The British colonial administration announced yesterday that it has authorized the Rhodesian Army to maintain law and order, Washington Post correspondent Jay Ross reported.
The move could lead to renewed fighting between the Army and the Patriotic Front guerrillas despite the cease-fire.
A British spokesman linked the action to the failure of a "substantial" number of guerrillas to report to assembly camps as required under the cease-fire agreement reached last month in London.
The agreement stipulates that the Rhodesian Army was to disengage to the vicinity of its bases and the guerrillas were to report to assembly camps by Friday midnight.
Maj. Gen. John Acland, British chairman of the cease-fire commission, said that 18,500 guerrillas had reported to the camps, but he said it was too early to assess the significance of the number.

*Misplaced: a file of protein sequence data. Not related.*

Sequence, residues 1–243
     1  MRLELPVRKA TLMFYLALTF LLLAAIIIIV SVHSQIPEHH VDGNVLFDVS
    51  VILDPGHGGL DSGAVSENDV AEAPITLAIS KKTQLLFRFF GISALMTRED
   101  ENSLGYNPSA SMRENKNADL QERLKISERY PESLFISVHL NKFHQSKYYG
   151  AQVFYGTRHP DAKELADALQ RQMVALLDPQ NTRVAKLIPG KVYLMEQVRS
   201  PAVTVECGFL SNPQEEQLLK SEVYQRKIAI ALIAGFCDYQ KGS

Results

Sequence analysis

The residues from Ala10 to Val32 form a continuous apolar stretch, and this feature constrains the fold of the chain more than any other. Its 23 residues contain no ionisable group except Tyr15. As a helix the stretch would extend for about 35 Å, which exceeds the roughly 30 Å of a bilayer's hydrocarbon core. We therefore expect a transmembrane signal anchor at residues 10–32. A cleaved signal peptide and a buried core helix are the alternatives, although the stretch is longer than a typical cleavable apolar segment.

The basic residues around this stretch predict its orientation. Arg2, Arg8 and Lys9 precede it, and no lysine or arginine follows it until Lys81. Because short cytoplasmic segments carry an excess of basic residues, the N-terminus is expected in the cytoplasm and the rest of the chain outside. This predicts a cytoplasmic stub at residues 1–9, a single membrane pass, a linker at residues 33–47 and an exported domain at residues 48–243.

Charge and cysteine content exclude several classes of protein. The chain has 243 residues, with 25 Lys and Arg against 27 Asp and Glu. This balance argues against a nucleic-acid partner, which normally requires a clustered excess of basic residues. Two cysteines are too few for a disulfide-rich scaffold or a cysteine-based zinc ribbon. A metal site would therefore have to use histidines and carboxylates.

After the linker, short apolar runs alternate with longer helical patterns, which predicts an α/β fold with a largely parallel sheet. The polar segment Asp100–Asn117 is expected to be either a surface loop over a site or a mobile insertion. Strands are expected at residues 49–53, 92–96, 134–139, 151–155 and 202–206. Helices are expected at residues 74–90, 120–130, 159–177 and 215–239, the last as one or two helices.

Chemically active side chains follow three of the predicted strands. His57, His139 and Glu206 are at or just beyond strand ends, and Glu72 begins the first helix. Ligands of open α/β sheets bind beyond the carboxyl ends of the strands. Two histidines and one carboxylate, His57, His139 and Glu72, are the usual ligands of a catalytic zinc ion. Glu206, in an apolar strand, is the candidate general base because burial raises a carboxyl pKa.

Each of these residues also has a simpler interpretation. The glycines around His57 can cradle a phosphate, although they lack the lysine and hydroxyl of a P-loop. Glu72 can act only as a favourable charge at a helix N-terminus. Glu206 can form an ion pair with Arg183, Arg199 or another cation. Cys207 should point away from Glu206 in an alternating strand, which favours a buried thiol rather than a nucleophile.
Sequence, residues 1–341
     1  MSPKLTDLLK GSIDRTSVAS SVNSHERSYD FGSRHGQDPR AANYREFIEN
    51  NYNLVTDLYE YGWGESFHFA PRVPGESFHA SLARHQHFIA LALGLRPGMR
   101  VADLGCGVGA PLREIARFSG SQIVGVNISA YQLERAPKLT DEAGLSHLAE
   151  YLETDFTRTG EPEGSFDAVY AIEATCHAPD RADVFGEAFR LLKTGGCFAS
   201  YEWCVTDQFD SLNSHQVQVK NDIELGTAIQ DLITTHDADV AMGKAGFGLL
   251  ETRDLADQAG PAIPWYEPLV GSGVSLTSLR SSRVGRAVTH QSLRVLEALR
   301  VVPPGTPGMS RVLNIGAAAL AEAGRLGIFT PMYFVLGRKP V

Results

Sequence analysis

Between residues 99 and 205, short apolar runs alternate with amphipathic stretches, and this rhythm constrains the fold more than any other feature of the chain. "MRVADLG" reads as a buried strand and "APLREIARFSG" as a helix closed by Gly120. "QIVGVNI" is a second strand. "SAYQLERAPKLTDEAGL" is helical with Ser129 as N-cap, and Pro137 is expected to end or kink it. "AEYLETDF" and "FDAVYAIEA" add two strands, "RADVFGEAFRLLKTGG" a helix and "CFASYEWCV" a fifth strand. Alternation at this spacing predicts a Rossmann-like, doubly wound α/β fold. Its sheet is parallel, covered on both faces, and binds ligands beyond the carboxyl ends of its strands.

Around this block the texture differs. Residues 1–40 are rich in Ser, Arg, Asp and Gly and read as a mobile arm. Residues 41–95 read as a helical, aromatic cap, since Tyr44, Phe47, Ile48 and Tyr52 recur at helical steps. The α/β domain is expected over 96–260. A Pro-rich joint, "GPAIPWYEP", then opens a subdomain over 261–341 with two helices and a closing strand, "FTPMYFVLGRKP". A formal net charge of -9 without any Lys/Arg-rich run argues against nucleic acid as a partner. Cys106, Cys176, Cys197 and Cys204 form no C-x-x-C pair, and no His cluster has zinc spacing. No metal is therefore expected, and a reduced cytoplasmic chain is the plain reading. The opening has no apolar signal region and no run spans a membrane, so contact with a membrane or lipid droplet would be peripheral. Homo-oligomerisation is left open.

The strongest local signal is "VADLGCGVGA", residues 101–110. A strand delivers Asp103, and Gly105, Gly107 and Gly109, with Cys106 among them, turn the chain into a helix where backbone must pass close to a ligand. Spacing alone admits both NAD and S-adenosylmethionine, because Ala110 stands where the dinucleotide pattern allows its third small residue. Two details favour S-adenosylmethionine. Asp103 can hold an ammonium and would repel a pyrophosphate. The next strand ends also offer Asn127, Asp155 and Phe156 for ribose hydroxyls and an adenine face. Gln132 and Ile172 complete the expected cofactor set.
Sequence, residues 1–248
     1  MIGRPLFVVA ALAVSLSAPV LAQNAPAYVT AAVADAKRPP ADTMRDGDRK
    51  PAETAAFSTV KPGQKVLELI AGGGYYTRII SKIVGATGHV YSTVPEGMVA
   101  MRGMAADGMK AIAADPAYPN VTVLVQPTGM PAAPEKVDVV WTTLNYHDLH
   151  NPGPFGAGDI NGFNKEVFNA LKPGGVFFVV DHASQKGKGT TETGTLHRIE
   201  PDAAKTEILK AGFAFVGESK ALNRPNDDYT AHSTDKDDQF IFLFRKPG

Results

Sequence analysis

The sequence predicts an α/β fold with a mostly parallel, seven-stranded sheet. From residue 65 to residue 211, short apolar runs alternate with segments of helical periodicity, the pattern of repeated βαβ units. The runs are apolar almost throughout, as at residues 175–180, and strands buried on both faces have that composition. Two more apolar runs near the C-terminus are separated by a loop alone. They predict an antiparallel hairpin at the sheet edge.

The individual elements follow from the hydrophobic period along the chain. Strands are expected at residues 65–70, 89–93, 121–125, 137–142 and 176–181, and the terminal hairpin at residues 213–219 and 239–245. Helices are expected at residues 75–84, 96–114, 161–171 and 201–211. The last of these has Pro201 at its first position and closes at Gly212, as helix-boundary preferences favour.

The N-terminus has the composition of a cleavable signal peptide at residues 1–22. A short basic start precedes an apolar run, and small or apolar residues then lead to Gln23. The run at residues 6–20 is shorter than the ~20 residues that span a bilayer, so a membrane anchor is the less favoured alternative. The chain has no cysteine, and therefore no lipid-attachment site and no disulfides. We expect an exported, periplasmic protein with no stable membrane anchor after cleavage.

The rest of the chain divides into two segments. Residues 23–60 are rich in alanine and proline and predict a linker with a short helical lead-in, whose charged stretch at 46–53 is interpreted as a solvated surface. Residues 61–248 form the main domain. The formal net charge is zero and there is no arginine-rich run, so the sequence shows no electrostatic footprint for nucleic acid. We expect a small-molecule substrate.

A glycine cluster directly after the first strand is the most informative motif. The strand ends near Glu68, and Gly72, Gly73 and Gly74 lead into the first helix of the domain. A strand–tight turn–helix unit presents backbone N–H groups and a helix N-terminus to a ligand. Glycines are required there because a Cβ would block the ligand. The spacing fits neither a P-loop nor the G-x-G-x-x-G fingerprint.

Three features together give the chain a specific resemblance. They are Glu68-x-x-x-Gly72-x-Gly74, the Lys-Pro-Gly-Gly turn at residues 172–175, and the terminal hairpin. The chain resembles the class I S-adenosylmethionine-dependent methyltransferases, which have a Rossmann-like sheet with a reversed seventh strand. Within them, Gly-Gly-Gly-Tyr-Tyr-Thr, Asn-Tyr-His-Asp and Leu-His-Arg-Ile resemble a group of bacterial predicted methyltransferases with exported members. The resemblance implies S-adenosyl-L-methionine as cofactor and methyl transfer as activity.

Nicholas Fenn, spokesman for the British governor, Lord Soames, said a number of mujibahs , unarmed youths used as runners by the Patriotic Front, had reported to the camps after being armed and put in uniform to pass as guerrillas, thus inflating the count and allowing true guerrillas to remain at large.
Fenn said that because of the unknown number of guerrillas still at large and continuing incidents of lawlessness in the country, Soames had authorized the Army to help the "thinly stretched" police maintain law and order.
"It is not, however, the intention," he said, "that the Patriotic Front forces should be indiscriminately attacked."
Acland said he would not be able to give an authoritative assessment of the number of guerrillas who reported until midweek. The Rhodesian Army has estimated the number of guerrillas in the country at 15,000, while the Patriotic Front said the figure exceeded 31,000.
Spokesman Fenn admitted that South African units are in Rhodesia. With the agreement of the governor, he said, they are guarding the Beit Bridge border crossing in the south to protect the rail and road routes. He declined to give a figure but said the number was "not large."